Some problems areperfectly predictable—yet notin the sense that allows apreprogrammed machine to handle them—
"You had a bad day," Lois said. "I can tell."
"No...." Eddie said. "Not really, I guess."
"Still working on Saturday?"
"I guess so. Nothing was said. Maybe it'll get easier after the end of the month."
"You said it was all that new construction work in the Valley that's making you so shorthanded."
"That's part of it."
"They're not scheduled to finish until ... when, sometime next year, isn't it?"
"The end of '81 right now."
"Eddie! Listen to me! I hardly ever see you any more. You're not going to have to put in all this overtime for the next two years!"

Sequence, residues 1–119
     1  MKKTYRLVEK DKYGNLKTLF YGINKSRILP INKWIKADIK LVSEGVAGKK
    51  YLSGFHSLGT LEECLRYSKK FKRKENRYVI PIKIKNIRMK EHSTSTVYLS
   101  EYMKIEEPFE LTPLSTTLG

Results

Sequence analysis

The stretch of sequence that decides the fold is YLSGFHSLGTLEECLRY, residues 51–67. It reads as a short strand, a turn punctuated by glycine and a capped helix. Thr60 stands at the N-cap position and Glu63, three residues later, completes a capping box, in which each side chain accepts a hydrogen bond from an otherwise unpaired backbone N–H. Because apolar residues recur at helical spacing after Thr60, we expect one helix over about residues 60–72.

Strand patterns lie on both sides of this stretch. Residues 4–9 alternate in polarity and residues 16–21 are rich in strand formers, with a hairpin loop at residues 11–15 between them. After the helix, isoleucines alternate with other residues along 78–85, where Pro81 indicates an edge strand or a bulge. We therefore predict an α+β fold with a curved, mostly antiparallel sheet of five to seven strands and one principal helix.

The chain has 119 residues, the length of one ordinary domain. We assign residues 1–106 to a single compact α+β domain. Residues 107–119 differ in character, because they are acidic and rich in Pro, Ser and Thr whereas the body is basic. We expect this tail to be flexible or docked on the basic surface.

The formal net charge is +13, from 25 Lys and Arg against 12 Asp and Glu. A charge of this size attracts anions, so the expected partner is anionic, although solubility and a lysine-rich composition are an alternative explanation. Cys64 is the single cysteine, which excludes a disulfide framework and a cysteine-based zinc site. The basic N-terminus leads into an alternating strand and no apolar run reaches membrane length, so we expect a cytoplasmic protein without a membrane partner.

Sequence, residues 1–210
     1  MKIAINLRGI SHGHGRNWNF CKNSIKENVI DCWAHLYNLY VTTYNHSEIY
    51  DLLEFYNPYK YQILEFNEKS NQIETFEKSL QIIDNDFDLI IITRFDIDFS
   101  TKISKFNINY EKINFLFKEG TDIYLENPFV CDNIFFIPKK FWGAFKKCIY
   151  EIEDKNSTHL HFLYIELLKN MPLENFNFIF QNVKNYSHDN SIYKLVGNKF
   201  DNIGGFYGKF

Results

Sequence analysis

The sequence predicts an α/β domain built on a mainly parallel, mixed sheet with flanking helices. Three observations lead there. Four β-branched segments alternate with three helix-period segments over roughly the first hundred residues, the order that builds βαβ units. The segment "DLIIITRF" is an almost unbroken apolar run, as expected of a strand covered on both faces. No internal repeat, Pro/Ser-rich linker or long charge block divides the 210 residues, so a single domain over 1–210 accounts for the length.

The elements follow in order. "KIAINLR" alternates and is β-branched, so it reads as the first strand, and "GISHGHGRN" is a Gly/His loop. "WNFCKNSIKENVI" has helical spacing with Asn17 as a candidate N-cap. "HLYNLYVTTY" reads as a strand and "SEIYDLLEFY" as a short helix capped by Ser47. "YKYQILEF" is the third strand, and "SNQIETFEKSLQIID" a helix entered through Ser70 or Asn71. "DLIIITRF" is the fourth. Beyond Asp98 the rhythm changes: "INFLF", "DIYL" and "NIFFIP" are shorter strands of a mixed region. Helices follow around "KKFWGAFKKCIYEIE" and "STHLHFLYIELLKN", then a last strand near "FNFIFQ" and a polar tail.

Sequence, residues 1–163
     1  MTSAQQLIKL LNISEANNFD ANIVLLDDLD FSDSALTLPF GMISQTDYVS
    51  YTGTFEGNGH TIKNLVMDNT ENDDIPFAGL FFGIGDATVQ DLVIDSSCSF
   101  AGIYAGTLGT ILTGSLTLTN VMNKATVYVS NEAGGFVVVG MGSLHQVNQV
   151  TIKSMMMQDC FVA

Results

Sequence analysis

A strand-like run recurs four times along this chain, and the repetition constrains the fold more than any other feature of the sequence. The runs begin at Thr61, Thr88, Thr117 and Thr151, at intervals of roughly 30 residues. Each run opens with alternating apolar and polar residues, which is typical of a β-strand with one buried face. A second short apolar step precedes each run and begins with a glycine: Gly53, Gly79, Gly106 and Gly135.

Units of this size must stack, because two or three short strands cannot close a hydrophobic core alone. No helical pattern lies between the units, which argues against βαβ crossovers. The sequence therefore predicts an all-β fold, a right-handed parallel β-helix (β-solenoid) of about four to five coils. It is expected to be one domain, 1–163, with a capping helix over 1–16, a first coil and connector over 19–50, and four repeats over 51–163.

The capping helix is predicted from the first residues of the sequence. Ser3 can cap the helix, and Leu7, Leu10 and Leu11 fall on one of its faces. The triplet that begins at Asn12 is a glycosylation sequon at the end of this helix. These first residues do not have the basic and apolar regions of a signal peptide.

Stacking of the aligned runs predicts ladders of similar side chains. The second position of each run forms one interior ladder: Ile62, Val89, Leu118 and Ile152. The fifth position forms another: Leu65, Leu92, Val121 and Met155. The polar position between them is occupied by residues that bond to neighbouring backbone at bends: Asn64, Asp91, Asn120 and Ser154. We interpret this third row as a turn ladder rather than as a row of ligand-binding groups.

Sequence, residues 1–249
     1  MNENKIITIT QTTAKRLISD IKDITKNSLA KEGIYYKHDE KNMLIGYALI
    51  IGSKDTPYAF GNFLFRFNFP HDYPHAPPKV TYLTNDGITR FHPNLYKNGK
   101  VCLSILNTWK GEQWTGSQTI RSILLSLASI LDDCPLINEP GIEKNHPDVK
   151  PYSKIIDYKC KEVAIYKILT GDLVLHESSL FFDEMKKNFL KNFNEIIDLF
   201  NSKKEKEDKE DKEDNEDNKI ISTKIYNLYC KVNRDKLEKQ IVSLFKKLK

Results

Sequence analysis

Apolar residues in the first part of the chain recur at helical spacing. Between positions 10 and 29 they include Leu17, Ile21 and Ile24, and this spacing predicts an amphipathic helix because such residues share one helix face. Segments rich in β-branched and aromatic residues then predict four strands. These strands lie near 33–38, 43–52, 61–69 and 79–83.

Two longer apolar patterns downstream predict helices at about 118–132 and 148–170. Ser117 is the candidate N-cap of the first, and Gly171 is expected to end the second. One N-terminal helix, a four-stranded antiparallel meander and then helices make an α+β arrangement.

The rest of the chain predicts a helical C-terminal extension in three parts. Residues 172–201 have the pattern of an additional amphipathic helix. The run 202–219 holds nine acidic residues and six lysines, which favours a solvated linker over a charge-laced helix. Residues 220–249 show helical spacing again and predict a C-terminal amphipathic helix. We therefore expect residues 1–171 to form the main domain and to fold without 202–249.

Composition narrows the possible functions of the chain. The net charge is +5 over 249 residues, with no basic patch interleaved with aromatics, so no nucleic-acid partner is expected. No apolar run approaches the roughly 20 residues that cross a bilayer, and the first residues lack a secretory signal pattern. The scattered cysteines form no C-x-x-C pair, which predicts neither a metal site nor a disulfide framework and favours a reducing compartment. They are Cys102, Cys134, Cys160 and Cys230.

"Of course not," Eddie said. "Maybe after this month, that's all, and the work load will level off."
* * * * *
Larry, dressed for bed, came in. "Eddie?"
"Your father's tired."
"I want to ask him something."
"What is it, Larry?" Eddie asked.
"Eddie, you know the little culture I was running for science class? Something's wrong. Will you look
A surprisingly accurate prediction of the future. The infrastructure is breaking down, more and more skilled technicians are needed just to keep things going, bureaucracy gets thicker, the stock market is getting ready to take another dive. The author predicted everything except Wal-Mart.
Nice characters, and a nice sense of futility and dread.
I couldn't get the relation of the title to the story.
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